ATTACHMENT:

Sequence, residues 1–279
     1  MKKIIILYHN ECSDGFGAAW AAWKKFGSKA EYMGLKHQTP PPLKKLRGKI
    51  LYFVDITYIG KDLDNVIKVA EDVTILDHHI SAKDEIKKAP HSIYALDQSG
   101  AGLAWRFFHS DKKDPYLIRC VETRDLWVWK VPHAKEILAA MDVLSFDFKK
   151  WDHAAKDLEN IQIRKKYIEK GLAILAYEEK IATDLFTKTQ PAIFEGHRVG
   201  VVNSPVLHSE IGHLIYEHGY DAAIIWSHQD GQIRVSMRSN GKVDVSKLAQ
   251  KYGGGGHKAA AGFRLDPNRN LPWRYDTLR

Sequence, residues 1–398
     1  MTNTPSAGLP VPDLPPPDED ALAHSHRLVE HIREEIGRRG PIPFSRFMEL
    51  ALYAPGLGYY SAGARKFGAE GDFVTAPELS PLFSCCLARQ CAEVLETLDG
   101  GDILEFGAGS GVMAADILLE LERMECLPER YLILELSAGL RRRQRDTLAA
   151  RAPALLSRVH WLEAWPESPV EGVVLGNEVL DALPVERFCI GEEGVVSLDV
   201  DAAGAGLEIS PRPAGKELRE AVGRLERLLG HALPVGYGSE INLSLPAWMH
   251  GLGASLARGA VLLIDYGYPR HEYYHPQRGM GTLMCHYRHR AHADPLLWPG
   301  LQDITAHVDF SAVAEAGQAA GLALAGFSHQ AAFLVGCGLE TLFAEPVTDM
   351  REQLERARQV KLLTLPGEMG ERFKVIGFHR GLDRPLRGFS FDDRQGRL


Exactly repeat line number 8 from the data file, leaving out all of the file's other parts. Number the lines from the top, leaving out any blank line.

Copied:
Sequence, residues 1–398